Re: [gothic-l] Gothic princely grave of Ossmannstedt
- Hello all,
This interested me, as I recall , in one of Heather's books, reading of a high incidence of apparently foreign graves in a Gothic cemetary ( 1 out of 9, in Romania?) I've wondered if there were a comparable number of identifiably Gothic graves found in non-Gothic territory, or just how far away from Gothic territory Gothic graves have been found.
Happy Holidays, all.
faltin2001 <dirk@...> wrote:
There is a nice article on the grave of Ossmannstedt near Weimar
(Thuringia) in the latest volumes of the RGA. The article provides a
full discussion of the grave. About the body the article states that
the well preserved skeleton was that of a 25 year old women, who was
about 1.65m tall. Her skull had been artificially deformed in
childhood. Many examples of artificial cranial deformation were found
in the same area in cemeteries at Weimar, Grossoerner, Stoessen,
Erfurt etc. The cranial deformation was likely applied when the women
was a child under Hunnic rule. Hence, the grave is dated to about the
Her grave goods consisted of a large and very rare eagle fibula with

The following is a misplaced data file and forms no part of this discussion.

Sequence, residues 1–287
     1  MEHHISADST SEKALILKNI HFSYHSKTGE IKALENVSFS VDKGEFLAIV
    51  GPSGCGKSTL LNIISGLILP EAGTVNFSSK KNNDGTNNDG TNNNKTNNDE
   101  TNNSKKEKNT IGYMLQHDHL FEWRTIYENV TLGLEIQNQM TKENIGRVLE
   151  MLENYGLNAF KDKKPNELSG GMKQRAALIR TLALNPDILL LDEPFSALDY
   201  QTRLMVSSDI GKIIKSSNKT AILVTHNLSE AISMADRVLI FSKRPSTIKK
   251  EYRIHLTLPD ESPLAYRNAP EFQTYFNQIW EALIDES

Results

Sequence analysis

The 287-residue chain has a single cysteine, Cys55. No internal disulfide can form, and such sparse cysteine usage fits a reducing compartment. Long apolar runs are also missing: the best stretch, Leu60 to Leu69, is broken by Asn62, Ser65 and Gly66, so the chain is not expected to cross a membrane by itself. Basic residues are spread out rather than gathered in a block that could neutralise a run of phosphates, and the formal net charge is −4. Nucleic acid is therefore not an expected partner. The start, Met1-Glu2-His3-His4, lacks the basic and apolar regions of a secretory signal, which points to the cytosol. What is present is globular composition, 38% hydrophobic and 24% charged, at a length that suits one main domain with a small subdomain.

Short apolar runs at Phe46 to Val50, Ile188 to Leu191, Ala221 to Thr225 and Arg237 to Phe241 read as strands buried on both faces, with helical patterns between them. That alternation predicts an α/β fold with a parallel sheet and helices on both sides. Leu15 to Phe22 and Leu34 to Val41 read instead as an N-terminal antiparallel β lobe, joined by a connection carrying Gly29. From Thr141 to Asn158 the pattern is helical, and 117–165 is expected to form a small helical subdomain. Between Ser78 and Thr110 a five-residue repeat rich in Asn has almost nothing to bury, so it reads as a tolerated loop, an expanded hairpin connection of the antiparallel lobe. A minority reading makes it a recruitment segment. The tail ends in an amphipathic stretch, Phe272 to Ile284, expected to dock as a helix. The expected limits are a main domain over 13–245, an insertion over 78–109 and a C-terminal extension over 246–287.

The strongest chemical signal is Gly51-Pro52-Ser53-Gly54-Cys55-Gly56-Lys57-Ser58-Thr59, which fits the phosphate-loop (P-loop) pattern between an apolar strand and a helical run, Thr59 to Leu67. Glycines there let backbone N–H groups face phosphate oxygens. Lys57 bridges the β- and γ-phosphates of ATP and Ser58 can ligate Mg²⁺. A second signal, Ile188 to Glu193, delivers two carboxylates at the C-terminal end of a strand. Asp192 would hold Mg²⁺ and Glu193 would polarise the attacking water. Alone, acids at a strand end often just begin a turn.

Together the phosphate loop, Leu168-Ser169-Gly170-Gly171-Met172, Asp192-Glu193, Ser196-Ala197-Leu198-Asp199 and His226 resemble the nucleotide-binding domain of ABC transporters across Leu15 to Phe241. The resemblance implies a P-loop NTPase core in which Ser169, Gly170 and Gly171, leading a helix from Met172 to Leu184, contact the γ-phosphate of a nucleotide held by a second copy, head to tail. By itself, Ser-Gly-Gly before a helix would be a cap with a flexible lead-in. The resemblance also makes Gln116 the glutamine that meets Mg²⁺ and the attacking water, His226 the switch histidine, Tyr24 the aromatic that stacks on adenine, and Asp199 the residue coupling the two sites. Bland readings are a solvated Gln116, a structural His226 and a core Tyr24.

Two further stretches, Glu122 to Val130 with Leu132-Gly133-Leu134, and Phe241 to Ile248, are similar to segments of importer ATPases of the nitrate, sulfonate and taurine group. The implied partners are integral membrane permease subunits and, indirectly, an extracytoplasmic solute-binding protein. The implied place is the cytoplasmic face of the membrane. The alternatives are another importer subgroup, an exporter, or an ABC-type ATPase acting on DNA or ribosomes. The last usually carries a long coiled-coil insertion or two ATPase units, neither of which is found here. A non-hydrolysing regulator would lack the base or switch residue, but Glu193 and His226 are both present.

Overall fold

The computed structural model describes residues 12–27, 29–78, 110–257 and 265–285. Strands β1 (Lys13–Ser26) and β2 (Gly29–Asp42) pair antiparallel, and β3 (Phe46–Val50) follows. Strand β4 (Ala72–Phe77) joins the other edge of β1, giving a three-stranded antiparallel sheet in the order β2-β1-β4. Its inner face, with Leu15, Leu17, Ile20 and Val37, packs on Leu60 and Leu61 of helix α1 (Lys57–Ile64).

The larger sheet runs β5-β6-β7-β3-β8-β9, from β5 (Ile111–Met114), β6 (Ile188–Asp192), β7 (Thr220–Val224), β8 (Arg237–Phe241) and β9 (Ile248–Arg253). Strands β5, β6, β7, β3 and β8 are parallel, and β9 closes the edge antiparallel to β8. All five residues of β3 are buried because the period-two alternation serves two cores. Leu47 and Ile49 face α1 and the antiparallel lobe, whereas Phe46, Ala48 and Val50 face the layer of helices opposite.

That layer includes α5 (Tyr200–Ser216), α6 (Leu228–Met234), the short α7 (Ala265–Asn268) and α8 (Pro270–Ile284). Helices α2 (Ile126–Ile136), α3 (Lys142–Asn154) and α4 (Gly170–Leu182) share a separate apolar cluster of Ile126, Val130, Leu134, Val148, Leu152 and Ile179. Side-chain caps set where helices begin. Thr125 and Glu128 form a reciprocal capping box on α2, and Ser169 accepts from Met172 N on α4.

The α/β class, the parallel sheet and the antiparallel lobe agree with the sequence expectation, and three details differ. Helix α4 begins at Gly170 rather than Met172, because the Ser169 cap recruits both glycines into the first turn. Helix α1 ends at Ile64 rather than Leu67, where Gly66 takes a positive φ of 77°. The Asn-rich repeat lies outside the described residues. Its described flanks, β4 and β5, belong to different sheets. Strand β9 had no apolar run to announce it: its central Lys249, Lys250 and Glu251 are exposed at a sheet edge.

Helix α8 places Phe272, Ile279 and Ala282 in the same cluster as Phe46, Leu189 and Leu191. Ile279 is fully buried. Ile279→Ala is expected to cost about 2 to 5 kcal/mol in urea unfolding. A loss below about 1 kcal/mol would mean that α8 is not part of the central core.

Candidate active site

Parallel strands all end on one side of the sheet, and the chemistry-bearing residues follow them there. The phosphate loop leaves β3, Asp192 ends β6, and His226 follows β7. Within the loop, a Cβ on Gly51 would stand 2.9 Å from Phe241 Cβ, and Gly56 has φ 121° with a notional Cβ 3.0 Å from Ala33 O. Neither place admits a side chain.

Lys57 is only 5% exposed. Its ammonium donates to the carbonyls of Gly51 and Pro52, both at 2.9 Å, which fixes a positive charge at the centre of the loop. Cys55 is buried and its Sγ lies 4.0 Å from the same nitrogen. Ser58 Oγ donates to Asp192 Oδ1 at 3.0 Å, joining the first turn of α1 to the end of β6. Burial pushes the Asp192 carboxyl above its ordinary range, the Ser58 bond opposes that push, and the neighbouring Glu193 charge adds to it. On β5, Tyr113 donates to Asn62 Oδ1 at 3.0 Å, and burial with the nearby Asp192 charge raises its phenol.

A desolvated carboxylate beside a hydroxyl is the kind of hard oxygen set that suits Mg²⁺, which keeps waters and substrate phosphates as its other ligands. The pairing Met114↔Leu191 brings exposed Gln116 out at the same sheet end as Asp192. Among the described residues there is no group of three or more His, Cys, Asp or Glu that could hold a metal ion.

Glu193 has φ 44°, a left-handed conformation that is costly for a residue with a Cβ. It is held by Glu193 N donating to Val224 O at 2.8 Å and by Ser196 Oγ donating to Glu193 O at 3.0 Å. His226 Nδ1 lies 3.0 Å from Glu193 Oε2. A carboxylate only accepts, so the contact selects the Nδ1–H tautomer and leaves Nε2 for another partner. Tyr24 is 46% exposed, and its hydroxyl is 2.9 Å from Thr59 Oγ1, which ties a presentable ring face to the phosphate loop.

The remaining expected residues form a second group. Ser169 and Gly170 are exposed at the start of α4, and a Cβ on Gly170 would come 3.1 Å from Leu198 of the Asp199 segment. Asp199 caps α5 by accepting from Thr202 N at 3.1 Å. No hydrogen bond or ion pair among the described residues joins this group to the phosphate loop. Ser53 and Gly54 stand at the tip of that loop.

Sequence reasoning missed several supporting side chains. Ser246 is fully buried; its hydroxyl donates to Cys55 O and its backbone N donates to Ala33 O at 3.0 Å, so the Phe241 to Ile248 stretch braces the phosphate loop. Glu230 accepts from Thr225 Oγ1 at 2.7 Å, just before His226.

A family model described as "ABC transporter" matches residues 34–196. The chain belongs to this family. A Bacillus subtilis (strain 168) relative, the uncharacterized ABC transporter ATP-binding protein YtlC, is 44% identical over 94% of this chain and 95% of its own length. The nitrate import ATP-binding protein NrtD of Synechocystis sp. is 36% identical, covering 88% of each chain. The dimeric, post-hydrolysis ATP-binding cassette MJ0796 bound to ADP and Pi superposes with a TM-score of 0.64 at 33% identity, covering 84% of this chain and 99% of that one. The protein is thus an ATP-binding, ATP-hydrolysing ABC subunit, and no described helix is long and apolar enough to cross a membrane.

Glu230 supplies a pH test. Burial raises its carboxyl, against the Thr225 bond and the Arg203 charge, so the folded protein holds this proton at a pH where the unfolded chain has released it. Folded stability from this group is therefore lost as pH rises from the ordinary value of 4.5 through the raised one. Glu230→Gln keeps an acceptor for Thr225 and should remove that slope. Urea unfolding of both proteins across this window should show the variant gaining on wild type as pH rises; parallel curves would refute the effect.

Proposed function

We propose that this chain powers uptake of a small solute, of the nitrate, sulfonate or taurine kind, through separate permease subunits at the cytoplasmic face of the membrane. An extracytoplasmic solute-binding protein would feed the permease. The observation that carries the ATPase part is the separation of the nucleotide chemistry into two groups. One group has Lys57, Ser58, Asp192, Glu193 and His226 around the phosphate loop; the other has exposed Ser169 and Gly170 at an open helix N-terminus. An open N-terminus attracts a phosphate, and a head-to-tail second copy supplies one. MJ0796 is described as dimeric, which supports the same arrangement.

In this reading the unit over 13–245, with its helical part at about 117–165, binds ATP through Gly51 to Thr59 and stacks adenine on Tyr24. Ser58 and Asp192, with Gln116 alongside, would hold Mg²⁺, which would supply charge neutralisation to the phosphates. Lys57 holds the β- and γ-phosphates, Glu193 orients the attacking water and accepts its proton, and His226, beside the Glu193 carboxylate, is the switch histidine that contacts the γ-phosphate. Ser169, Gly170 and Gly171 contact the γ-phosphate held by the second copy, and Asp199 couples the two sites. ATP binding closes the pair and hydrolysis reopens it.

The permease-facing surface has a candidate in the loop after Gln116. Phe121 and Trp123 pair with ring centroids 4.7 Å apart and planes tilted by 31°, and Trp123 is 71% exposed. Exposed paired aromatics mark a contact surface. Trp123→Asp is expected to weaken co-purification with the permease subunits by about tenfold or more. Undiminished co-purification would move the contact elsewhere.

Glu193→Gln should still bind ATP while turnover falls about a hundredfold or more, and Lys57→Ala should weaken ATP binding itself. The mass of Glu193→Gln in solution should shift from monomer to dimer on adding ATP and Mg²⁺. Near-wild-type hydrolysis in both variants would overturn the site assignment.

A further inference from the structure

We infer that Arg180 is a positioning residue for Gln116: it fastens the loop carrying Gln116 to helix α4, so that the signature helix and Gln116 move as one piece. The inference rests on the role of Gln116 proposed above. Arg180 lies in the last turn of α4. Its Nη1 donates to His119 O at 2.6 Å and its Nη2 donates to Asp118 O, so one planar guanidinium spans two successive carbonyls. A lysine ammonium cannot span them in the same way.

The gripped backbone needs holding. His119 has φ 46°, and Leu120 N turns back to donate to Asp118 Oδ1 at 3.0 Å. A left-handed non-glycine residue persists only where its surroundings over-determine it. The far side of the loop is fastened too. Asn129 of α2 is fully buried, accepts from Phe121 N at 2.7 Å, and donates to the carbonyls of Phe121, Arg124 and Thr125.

almandins. The fibula was produced at the Black Sea and signs of wear
show that it was already fairly old when it was buried. The fibula is
slightly younger than a similar piece from Pietroassa, but older than
the ones from Italian sites, which confirms the relative dating of
She also had a massive golden belt buckle, with almandines, which was
also produced at the Black Sea. Finally, other jewellery included
polyeder-shaped ear-rings and a large golden finger ring of Byzantine
manufature, and silver fittings from a purse, which contained a bone
comb, pincers, other utensils and the fragments of a bronze mirror.
The mirror was deliberately broken at the burial as was the custom
among steppe people. The comb was decorated with Christian motives,
indicating that she was likely a Christian and of the highest social
class. All the objects were fitted to her dress, except for the eagle
fibula, which was removed from the usual position on the shoulder and
used to secure her death shrowd. This may have been both practical
and symbolic, because the eagle symbolised the resurection in the
Arian church. The body had been placed in a wooden coffin, but no
mount or other sign likely marked the grave to prevent grave robbing
which was so common at the time.
The author of the article, W. Timpel statets that there can be little
doubt that the lady of Ossmannstedt was an Ostogothic princess who
had travelled to the centre of the Thuringian kingdom sometime in the
460sAD, perhaps as bride for a Thuringian prince. The grave of
Ossmannstedt, together with other graves in the same area show that
the Thuringians had close relations with the Ostrogoths already one
or two generations before the marriage of Hermenefried with
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